Explaining SAR ADC Power Specifications

One of the mysteries—or at least the cause of considerable confusion—of successive approximation register (SAR) ADCs is calculating their exact power requirements at the system level. Data sheets can be confusing on this specification.

SAR ADCs provide a low power means to measure input signals. Very often, the power consumption scales with the sample rate, making for a very efficient measurement system. This means that in order to calculate the total power consumption of the ADC, all supply pins need to be taken into account.

Typically, on SAR converters, there are three potential power consuming rails: the VDD supply, the reference input, and the digital interface I/O supply.

The VDD supply provides power to the analog circuitry and ADC core.

On SARs that require an external reference, the reference input is a switched capacitor that consumes charge current during the SAR conversion bit trials. This can be a significant source of power consumption, depending on the ADC throughput rate and size of the internal capacitor DAC. The higher the ADC throughput, the more conversion bit trials (charging of caps), and therefore, more current is consumed in the capacitive DAC array.

Similarly, a larger capacitor DAC means more capacitance to charge, which results in a higher current draw. If the cap DAC is large, it may pose a problem to the reference drive circuit, and a higher power reference circuit may be required. The same is true for the analog input, in which a more powerful driving amplifier may be required to drive the higher capacitive DAC load during acquisition. Sometimes additional circuitry related to the analog input can be powered from the reference, which can further add to power consumption. Some ADCs have an internal reference buffer that gives the reference input high impedance. In this scenario, the buffer supplies the necessary reference current through another supply pin.

The digital I/O supply consumes power depending on the throughput/output data rate, as well as load conditions on the data output lines. Again, higher ADC throughput means more power consumed by the digital I/O, due to the higher clock rates required to transfer the converted data. Any capacitive loading on the data output lines will increase the digital I/O current because of charging and discharging. Digital I/O current will also be output code dependent; the worst case in which alternate ones and zeros are the output. Typically, the digital I/O current should be measured with a signal present that exercises most of the ADC output codes, such as a sinusoidal input. In high throughput ADCs with high clock rates, the power consumed by the digital interface can become quite significant.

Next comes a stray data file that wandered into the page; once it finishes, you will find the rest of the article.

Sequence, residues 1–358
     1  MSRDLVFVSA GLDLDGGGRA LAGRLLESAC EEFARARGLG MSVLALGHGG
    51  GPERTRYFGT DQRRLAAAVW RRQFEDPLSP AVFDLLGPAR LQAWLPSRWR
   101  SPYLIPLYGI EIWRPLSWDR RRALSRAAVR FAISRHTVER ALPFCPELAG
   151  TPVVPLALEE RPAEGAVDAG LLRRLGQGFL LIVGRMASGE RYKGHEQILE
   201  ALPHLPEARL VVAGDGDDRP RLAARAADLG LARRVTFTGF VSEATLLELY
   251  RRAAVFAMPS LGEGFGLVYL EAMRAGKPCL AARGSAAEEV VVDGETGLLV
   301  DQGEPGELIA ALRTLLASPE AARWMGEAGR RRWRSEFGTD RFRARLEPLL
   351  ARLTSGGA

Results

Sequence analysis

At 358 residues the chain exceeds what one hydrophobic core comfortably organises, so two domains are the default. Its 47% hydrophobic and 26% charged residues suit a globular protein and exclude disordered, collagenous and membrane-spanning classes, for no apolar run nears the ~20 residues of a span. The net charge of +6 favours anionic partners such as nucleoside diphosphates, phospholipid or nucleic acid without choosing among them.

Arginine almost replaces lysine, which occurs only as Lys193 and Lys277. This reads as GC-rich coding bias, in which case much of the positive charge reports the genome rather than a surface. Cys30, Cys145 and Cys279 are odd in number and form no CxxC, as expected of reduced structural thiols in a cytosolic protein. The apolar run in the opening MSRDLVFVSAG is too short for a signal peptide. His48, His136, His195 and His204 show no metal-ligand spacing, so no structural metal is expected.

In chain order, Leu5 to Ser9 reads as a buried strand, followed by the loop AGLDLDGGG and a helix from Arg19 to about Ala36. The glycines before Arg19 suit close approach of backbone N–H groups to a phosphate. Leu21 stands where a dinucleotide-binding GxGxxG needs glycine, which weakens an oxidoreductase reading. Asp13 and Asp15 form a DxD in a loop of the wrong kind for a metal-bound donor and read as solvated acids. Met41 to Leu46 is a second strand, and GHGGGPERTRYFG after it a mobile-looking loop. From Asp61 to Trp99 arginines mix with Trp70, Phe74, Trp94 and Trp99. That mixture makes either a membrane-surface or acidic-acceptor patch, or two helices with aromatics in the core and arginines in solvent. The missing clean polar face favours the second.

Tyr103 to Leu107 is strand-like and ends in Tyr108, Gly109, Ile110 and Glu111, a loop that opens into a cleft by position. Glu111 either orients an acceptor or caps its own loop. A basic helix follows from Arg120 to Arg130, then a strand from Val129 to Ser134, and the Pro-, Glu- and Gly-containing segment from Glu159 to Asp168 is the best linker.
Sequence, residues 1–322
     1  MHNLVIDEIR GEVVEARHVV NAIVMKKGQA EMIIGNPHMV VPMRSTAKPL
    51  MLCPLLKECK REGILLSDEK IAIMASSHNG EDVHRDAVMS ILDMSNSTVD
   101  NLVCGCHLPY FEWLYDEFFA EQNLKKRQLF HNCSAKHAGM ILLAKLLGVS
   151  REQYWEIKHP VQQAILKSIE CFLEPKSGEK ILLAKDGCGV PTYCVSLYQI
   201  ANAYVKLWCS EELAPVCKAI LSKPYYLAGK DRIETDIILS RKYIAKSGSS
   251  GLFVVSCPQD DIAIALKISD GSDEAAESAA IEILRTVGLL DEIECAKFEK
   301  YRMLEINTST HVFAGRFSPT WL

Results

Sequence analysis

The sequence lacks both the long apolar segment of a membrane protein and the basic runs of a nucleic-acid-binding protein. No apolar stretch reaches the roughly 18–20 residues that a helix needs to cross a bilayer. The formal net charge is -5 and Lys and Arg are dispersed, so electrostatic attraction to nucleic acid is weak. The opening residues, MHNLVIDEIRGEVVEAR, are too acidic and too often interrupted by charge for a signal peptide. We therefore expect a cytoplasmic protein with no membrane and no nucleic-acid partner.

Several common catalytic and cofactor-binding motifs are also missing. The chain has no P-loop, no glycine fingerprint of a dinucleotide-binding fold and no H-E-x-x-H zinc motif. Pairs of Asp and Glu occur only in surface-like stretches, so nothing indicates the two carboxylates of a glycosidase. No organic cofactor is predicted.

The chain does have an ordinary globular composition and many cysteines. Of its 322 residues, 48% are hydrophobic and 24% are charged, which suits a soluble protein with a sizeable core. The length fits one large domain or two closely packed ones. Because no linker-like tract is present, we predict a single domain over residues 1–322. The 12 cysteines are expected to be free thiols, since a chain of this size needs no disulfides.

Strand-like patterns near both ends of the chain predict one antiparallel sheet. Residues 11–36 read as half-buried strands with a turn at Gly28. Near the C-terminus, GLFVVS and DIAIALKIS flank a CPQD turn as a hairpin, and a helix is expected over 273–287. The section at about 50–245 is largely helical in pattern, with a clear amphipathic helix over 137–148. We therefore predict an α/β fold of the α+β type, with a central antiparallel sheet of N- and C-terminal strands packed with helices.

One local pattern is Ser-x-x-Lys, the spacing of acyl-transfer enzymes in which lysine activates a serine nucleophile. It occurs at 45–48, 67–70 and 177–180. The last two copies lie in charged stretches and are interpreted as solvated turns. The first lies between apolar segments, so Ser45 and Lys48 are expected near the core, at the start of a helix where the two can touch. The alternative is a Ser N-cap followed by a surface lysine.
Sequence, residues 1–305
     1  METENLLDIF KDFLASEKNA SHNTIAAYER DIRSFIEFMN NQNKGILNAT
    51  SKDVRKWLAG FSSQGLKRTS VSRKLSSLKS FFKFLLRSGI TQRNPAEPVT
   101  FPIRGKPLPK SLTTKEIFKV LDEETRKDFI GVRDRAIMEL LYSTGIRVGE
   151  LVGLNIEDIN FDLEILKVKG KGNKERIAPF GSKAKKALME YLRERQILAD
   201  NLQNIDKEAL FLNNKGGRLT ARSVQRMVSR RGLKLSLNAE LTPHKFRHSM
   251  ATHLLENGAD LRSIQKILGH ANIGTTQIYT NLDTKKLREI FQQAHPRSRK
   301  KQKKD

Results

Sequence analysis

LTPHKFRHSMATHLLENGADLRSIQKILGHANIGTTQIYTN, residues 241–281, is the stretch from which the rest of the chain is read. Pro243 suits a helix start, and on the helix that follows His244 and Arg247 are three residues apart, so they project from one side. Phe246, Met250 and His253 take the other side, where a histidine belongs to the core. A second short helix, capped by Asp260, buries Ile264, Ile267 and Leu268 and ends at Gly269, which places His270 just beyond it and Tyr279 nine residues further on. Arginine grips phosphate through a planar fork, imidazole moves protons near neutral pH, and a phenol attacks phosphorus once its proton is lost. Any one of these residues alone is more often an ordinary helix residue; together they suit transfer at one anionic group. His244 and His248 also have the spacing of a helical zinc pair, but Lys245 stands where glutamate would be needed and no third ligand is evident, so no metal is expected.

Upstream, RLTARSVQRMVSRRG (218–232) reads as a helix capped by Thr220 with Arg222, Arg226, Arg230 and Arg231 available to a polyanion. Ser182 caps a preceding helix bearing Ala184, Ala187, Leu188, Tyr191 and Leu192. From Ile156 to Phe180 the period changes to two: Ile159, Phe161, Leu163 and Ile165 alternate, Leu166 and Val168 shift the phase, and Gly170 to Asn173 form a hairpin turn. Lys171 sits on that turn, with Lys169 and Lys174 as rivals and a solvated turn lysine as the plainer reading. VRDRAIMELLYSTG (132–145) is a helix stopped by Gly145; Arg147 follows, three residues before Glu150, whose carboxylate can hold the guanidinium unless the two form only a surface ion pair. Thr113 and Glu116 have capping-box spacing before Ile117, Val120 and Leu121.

Many data sheets will quote power for the VDD supply only. You have to dig into the specification table to determine the reference and digital supply power requirements. To get an accurate measure of the power consumption from a system-level perspective, all three inputs need to be considered.

Table 1. Example Power Dissipation from ADI’s AD7980 Data Sheet
Parameter Conditions Min Typ Max Unit
Power Dissipation VDD ∙ 2.625 V, VREF ∙ 5 V, VIO ∙ 3 V
Total 10 kSPS throughput 70 µW
1 MSPS throughput,
B Grade
7.0 9.0 mW
1 MSPS throughput,
A Grade
7.0 10 mW
VDD Only 4 mW
REF Only 1.7 mW
VIO Only 1.3 mW

When it comes to data sheets, especially with something as important as power consumption, all specifications need to be taken into account and stated separately like the AD7980 16-bit, 1 MSPS PulSAR® ADC shown above.

For more information on any of the above mentioned products visit www.analog.com.


Alan Walsh

Alan Walsh

Alan Walsh is a system applications engineer at Analog Devices. He joined ADI in 1999 and works in the Precision Instrumentation Group in Wilmington, Massachusetts. He graduated with a BEng in electronic engineering from University College Dublin.